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Magnitude of elec field to balance electron?

  1. Dec 4, 2005 #1
    Hi all,

    Im doing a question in the homework, its #13 and Im struggling on how to get started.

    The question is: what are the magnitude and direction of the electric field that will balance the weight of (a) an electron and (b) a proton?

    There is an answer in the book, for the electron "55.8 pN/C down"

    This is day 2 of my trying to figure this one out, since the electron has a simple single charge of "e" how to get the force to balance -1.602 E-19 C ? Im searching the book to find out how to convert this into N/C

    Ive used the examples on the books companion site, move the charge around and it shows the vector and resulting charge, neat. So Im guessing since the weight is so small, one only has to make a field that counters one charge, but 55.8 pN/C??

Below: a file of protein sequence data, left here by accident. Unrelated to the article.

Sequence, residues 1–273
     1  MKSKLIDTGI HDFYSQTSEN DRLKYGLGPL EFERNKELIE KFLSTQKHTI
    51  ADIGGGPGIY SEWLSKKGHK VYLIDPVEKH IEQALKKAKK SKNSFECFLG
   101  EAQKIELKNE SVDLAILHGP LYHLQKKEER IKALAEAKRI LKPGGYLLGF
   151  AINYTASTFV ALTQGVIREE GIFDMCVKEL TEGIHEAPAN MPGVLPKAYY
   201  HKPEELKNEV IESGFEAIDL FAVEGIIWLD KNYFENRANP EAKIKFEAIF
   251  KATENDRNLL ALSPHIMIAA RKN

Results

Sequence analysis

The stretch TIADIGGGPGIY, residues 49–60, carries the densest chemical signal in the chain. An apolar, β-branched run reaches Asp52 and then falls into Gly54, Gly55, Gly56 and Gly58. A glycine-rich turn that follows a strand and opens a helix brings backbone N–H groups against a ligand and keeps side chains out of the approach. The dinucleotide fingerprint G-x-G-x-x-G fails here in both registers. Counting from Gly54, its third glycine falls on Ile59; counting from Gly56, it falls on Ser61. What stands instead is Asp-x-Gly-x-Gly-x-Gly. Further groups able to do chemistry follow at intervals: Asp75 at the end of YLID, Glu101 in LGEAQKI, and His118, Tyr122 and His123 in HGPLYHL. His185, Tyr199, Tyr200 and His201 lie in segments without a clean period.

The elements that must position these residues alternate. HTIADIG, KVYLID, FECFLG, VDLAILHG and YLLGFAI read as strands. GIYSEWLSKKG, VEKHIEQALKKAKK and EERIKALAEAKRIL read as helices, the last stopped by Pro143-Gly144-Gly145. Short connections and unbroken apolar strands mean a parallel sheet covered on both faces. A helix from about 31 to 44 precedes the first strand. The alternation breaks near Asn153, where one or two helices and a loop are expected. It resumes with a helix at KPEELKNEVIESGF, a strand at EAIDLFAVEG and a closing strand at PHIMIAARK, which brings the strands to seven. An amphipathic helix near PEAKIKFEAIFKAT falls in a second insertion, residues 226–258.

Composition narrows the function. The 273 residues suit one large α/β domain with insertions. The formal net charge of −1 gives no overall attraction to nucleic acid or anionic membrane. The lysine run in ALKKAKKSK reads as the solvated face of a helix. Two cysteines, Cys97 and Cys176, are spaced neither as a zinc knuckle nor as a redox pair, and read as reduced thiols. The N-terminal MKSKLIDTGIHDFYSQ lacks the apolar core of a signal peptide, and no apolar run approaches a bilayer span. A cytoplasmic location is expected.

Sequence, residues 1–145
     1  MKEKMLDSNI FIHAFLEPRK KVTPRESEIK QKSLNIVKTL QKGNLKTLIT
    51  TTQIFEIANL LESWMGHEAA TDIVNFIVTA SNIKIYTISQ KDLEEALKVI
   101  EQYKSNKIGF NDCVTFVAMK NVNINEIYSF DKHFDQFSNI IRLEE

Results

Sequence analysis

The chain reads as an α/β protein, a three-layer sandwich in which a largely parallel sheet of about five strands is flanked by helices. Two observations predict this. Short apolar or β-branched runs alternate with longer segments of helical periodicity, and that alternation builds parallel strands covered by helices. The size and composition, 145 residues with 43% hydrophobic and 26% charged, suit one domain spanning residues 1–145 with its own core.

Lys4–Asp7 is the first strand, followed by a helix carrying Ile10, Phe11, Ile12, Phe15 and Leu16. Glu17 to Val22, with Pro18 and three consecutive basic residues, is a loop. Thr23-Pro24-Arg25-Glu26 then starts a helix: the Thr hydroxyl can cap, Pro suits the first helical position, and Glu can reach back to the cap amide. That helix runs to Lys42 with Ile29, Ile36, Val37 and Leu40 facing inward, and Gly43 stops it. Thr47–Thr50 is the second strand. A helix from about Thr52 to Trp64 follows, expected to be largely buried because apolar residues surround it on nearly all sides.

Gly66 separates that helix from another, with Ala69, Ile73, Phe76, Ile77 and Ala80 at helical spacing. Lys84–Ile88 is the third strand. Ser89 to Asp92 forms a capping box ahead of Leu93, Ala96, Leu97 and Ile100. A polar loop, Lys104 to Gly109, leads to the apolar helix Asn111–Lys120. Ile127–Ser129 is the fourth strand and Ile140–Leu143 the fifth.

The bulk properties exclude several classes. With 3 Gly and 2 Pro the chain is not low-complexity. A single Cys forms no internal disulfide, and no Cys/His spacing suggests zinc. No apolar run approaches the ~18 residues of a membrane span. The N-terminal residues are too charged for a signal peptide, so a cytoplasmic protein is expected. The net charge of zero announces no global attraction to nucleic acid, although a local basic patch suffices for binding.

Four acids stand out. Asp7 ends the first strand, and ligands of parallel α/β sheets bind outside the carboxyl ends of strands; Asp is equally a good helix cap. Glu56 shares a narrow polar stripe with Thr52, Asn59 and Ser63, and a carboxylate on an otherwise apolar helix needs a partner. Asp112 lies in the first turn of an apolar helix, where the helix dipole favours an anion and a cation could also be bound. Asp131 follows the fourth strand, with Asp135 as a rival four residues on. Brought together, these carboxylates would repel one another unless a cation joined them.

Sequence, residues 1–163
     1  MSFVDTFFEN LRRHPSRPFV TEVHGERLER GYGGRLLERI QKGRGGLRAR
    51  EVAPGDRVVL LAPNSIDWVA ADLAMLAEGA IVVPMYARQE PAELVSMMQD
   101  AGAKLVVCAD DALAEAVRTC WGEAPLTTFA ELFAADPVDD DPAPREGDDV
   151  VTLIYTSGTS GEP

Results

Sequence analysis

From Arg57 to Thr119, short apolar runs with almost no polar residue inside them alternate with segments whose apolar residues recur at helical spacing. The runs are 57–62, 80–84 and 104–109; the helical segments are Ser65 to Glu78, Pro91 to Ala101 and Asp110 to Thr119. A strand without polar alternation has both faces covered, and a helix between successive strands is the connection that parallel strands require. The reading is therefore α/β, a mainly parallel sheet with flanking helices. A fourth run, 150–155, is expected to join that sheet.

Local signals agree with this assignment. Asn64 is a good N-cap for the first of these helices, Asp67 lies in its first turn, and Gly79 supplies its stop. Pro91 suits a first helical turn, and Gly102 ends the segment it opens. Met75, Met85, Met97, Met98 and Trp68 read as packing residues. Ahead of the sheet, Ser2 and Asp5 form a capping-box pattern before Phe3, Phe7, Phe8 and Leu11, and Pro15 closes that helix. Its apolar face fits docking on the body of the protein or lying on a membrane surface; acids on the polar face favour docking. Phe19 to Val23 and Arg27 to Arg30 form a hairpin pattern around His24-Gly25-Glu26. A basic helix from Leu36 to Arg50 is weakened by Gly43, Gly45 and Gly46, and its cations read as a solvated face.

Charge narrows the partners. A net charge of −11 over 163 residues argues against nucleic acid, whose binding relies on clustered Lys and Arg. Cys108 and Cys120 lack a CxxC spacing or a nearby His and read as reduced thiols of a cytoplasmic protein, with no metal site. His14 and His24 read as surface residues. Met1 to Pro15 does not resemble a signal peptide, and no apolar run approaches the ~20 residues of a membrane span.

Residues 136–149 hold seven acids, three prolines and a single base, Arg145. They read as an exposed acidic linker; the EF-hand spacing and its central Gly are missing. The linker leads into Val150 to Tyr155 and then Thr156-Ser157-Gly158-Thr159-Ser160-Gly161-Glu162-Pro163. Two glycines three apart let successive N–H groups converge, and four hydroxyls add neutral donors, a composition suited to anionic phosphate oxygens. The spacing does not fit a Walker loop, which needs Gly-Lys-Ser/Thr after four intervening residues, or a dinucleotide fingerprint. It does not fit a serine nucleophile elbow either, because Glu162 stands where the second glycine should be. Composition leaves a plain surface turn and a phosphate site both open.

I already found a typo in the book, it was showing a right triangle, the 2 sides = .1 and the long side was square root of 2 times .1? so now I dont trust the book, and cannot begin to see how they got the 55 number there, I was going to answer just -1.602 E-19 because one electron should balance the other?? no thats probably not it?

    well thanks in advance
  2. jcsd
  3. Dec 4, 2005 #2
    The force needed to balance the particle can be found by coulomb's law.
    The electric field is [itex] E = F/q_0 [/itex]. This will give units of N/C.
  4. Dec 5, 2005 #3
    ok I found out that the direction of the E-field must be vertically downward. This will generate an upward electrical force since the electron has a negative charge -e.

    For the magnitude of the E field, solve

    m g = e E

    E = g m /e where g is the acceleration of gravity. now the number comes out correctly.
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